On April 10, 2019, the FTC and a payment processing company, along with its owner, entered into a final order to settle charges that they repeatedly violated a prior court order issued against them in 2009 for allegedly engaging in unfair acts or practices and other impermissible acts. The settlement, in key part: (i) permanently bans the company and its owner from engaging in and assisting others with payment processing; and (ii) orders the company and owner to pay a contempt judgment of more than $1.8 million, the amount of consumer injury allegedly suffered as a result of their actions.
The previous 2009 court order found that the company and its owner violated Section 5(a) of the FTC Act (regarding unfair acts or practices) by processing debit transactions to consumers’ bank accounts on behalf of merchant-clients engaged in fraud, while knowing or consciously avoiding knowing that those transactions were not authorized by the consumers, and thereby causing substantial injury to consumers which was not reasonably avoidable by the consumers themselves and not outweighed by countervailing benefits to consumers or competition. The 2009 order required the company and its owner to, among other things: (i) pay over $1.7 million for equitable monetary relief, including for consumer redress; and (ii) more carefully investigate and monitor their clients to ensure that the clients are not engaged in deceptive or unfair practices (e.g., ensure that the charges to be processed are properly authorized, including obtaining documents evidencing the client’s compliance with Section 5 of the FTC Act, the Telemarketing Sales Rule (if applicable), and any applicable bankcard association or NACHA rules).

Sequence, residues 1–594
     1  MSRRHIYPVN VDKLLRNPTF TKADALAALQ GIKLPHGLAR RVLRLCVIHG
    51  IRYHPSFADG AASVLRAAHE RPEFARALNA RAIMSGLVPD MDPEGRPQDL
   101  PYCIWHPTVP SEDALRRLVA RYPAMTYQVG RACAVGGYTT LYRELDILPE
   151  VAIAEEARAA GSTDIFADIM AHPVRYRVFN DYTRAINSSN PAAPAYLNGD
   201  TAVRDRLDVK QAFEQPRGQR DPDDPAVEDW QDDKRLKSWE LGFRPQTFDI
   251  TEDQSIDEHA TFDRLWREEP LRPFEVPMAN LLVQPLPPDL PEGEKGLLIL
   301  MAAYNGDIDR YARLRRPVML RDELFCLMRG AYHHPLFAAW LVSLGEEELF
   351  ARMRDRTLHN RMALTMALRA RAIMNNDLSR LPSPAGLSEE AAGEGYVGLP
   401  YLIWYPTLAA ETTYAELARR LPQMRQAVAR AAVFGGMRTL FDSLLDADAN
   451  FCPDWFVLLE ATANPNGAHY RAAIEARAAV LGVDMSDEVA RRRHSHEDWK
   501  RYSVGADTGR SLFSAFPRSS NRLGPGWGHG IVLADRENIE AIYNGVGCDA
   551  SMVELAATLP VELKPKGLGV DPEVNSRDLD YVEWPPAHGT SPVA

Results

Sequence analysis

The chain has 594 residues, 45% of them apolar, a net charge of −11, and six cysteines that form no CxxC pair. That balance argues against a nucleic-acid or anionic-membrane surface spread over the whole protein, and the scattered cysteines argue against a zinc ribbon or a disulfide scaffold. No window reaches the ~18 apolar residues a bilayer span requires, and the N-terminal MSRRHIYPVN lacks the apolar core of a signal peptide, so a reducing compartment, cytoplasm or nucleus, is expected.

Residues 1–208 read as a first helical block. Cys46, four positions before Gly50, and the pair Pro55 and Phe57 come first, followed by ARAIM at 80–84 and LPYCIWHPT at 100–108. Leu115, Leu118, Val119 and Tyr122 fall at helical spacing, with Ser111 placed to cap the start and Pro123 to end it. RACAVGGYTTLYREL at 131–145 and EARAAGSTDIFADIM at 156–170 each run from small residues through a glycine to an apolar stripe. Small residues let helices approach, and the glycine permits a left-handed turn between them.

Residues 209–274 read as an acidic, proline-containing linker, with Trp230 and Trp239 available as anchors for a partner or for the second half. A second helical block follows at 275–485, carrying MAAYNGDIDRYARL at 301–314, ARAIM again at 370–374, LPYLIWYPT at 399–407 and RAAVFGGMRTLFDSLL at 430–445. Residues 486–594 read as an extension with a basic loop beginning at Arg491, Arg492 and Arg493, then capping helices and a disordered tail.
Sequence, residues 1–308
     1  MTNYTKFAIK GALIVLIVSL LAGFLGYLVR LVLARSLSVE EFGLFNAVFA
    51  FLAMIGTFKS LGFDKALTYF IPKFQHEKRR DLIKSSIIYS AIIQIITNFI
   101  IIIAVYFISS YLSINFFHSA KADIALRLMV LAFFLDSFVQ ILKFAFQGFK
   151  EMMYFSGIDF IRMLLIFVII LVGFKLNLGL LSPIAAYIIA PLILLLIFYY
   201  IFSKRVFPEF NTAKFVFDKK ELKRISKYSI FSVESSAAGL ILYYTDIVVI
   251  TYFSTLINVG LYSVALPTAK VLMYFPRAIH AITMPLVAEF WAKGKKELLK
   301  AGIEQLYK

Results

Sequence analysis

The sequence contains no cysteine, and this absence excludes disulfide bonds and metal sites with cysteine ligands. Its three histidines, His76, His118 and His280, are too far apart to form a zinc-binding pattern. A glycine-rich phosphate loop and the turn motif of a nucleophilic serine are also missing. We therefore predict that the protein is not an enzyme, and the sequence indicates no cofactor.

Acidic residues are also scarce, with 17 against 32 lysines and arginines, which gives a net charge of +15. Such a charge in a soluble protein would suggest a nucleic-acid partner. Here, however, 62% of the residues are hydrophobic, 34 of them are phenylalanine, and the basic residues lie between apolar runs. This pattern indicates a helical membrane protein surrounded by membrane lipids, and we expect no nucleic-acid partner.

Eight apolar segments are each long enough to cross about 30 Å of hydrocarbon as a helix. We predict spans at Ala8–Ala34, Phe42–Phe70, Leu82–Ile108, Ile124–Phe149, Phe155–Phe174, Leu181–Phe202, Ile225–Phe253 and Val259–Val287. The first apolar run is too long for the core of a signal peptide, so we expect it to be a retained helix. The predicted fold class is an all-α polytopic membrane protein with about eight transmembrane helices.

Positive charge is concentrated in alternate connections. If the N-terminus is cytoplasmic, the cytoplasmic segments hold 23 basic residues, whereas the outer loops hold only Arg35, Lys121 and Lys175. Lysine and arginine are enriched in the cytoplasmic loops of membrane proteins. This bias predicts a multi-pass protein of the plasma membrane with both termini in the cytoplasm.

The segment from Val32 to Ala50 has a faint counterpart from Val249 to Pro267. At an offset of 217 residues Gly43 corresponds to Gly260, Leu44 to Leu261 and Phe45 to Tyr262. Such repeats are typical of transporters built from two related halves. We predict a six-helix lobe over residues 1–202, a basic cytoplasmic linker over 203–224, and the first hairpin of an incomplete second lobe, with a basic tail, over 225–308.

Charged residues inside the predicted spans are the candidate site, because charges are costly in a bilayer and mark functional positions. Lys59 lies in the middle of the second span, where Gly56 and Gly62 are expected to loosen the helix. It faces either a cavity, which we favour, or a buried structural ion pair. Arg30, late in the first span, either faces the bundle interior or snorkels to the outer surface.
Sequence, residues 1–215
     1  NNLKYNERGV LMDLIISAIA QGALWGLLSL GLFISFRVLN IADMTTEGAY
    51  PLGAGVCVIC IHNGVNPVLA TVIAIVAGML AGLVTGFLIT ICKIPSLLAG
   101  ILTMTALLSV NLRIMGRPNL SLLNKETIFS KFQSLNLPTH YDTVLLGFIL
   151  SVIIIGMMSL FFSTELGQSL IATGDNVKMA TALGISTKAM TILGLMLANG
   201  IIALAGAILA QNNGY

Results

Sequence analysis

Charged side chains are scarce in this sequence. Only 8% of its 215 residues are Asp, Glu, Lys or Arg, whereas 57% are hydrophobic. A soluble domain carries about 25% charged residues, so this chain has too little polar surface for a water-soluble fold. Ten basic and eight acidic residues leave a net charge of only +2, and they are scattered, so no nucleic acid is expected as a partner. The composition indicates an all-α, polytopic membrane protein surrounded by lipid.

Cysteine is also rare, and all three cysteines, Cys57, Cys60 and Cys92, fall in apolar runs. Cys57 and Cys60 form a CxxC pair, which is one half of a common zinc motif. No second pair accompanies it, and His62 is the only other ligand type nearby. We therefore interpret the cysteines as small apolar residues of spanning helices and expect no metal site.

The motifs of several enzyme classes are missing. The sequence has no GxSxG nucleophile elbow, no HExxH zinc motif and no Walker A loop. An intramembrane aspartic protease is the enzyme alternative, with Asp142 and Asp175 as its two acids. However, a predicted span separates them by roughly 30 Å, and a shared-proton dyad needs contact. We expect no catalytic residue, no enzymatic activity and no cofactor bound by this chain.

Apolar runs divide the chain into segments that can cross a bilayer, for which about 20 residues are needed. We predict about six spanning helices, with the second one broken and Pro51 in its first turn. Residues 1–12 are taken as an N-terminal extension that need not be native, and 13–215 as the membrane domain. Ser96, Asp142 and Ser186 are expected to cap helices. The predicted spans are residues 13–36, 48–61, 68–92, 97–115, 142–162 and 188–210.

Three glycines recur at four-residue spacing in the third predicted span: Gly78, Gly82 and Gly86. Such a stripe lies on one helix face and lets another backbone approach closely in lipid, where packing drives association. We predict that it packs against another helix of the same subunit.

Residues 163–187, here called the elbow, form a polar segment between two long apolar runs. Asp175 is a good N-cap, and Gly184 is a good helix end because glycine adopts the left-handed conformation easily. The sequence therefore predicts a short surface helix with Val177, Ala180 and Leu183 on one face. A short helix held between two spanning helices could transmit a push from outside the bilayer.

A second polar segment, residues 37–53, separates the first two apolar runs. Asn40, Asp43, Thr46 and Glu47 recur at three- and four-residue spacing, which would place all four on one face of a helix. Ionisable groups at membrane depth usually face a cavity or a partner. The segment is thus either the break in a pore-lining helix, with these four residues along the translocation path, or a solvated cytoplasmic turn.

In the current settlement, the FTC alleges that the company and its owner repeatedly violated the terms of the 2009 order by providing and procuring payment processing for merchant-clients engaged in fraud, and failing to properly investigate and monitor their merchant-clients to ensure that the clients were not engaged in deceptive, unfair, or abusive acts under Section 5 of the FTC Act or the Telemarketing Sales Rule. Among other things, the FTC alleges that the company and its owner facilitated payment processing for merchant-clients while knowing or consciously avoiding knowing that the merchant-clients’ business practices were, or were likely to be, deceptive or unfair, which caused losses to consumers. The current order, in key part, permanently bans the company and its owner from directly or indirectly engaging in payment processing in any capacity, and adds a contempt judgment of over $1.8 million on top of the more than $1.7 million judgment in the 2009 order that remains outstanding.
Additionally, the company and its owner are ordered to make timely submissions to the FTC, including a compliance report describing the activities of the business, and whether and how they are in compliance with each section of the order. Further, the company and owner must submit compliance notices for 20 years after the entry of the order in the event of certain trigger changes in the business (e.g., change in ownership that may affect the company’s or owner’s compliance obligations arising under the order).